Tinea corporis in Adult
Tinea corporis usually appears as annular, erythematous, scaling plaques. Fungal organisms are transmitted to humans by direct contact (with animals or with humans, such as in tinea corporis gladiatorum, common in wrestlers), or through fomites. Tinea corporis is more prevalent in warm, humid climates and may also result from the spread of infection from other body sites.
Tinea corporis may be itchy, especially in the case of Trichophyton rubrum infections, in which case, secondary lichenification from scratching may obscure its annular configuration. It may also be minimally pruritic or asymptomatic. It may be a superficial infection or it may affect follicular structures. When tinea infects the follicle, the condition may appear as a fungal folliculitis, or it may appear otherwise more deeply situated. Follicular infection is known as Majocchi granuloma.
When a dermatophyte infection occurs in the scalp, it is known as tinea capitis. When on the face, it is known as tinea faciei; in the beard area, it is known as tinea barbae; in the inguinal folds, it is known as tinea cruris; on the feet, it is known as tinea pedis; and when it involves the hands (primarily the palms), it is known as tinea manuum.
Tinea imbricata is a distinct form of tinea corporis caused by Trichophyton concentricum, which is prevalent in tropical locales such as Central and South America, the South Pacific, and Southeast Asia.
Severe tinea capitis and corporis, Majocchi-like granulomas, deep ulcerated fungal infections, and fungal nail involvement occur in an inherited deficiency of CARD9 (caspase recruitment domain-containing protein 9), an inflammatory cascade-associated protein. The disorder is autosomal recessive and is most common in North African countries including Algeria, Morocco, and Tunisia. Infections usually begin in childhood and are caused by T rubrum and Trichophyton violaceum. Lymphadenopathy, high IgE antibody levels, and eosinophilia are common. The disorder may be fatal.
In the immunocompromised patient, infection can be quite similar to that in immunocompetent patients, with superficial scaly plaques, pruritus, and lesions displaying the classic annular, advancing, scaling border. However, infections without pruritus or classic features are seen. Disseminated tinea corporis may be seen in patients with immunosuppression, diabetes, Cushing syndrome, malignancy, and old age. Dermatophyte infections are frequently seen in untreated AIDS and solid organ transplant patients. Renal transplant patients are at even higher risk for tinea corporis.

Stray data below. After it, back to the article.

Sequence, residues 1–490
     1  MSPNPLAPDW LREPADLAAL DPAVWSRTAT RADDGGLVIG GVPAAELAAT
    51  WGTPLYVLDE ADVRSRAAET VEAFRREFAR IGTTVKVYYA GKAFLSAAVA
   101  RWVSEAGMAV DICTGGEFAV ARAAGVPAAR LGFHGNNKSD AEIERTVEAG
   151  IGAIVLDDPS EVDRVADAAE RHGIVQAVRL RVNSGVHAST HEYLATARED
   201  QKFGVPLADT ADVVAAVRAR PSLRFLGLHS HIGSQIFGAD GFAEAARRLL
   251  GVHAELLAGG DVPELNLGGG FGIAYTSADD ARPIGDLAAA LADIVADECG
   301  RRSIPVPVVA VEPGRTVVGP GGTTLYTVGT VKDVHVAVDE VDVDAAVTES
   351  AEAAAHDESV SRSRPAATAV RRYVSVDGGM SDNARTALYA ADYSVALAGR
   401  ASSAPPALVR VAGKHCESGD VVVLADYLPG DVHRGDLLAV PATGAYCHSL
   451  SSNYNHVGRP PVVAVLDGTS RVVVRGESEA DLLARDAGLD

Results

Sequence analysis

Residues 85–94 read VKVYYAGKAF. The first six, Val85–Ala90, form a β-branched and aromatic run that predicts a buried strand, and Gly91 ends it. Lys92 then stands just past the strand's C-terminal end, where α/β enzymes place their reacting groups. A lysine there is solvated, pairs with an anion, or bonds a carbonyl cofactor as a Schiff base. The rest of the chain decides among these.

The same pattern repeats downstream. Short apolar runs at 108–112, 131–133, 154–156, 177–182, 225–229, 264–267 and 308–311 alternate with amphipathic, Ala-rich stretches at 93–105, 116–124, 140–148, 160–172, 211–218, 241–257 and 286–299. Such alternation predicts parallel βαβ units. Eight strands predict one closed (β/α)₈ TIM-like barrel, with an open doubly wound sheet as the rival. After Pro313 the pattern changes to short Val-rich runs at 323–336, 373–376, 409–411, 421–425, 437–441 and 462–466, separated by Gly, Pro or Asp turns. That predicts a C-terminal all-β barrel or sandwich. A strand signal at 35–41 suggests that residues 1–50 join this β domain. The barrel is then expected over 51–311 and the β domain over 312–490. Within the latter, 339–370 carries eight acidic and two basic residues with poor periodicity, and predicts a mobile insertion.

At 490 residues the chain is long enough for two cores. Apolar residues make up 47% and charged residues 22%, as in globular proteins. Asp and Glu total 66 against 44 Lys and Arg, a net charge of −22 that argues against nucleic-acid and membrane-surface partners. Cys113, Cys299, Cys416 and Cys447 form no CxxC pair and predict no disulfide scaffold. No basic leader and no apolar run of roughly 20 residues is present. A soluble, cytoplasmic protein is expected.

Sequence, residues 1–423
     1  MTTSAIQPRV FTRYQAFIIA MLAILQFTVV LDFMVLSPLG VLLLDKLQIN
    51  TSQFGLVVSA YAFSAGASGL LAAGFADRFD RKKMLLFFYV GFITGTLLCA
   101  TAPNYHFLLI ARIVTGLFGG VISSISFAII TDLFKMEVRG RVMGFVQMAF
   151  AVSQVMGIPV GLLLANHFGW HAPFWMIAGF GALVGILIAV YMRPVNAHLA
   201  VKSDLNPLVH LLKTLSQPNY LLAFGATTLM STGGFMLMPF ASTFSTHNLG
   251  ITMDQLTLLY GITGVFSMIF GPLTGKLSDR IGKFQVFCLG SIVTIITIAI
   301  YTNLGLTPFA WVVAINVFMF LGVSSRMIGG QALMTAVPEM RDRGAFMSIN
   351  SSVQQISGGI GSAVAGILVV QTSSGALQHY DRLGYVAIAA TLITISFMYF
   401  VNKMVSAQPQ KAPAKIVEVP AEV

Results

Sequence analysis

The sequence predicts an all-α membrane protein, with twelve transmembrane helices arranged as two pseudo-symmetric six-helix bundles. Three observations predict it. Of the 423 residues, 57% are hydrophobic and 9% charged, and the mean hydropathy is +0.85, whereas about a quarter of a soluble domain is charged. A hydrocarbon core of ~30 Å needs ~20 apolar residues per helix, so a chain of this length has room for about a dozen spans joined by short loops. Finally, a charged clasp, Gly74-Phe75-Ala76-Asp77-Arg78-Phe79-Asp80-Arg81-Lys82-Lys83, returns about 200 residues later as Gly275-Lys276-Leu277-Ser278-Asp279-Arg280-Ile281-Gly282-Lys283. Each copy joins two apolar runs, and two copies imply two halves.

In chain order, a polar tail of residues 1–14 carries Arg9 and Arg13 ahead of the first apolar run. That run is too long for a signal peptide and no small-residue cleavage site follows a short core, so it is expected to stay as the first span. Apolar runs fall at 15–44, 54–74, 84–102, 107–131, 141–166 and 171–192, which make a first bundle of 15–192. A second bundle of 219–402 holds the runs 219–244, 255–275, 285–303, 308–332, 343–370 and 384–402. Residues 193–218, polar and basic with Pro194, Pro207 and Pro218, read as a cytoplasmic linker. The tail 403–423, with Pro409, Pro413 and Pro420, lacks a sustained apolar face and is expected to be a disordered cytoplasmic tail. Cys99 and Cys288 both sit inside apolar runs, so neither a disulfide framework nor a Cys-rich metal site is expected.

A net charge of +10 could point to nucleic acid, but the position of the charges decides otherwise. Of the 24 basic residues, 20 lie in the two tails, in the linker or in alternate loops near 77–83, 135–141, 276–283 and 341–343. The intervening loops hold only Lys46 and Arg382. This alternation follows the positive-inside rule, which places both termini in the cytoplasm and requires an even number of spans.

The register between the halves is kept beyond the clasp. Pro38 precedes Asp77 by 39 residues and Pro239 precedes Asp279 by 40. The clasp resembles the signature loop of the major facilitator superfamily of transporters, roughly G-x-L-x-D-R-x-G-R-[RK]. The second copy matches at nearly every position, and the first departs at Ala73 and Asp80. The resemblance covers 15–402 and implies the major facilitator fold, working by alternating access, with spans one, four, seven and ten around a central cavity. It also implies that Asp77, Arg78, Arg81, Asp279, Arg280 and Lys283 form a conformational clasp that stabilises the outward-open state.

Tinea indecisiva (tinea pseudoimbricata) is tinea corporis that mimics tinea imbricata. These cases are not caused by Trichophyton concentricum but rather by other Trichophyton or Microsporum species. There is usually underlying immunosuppression in patients with tinea indecisiva.
B35.4 – Tinea corporis
84849002 – Tinea corporis
- Nummular dermatitis (round, scaly plaques)
- Granuloma annulare (ring-like lesions but nonscaly)
- Fixed drug eruption (round patches but nonscaly)
- Erythema annulare centrifugum
- Tinea versicolor (usually trunk and neck)
- Allergic contact dermatitis
- Irritant contact dermatitis
- Majocchi granuloma
- Lichen planus
- Lyme disease
- Erythrasma (in body folds)
- Pityriasis rosea
- Seborrheic dermatitis (the distribution of lesions is often a helpful clue in distinguishing this entity)
- Lichen simplex chronicus
- Ichthyosis vulgaris
- Small plaque parapsoriasis
- Pityriasis rubra pilaris
- Secondary syphilis
- Mycosis fungoides (if an adult patient has persistent "eczema" that is not adequately responding to therapy, this entity should be ruled out with skin biopsies)
- Glucagonoma syndrome (necrolytic migratory erythema)
- Subacute cutaneous lupus erythematosus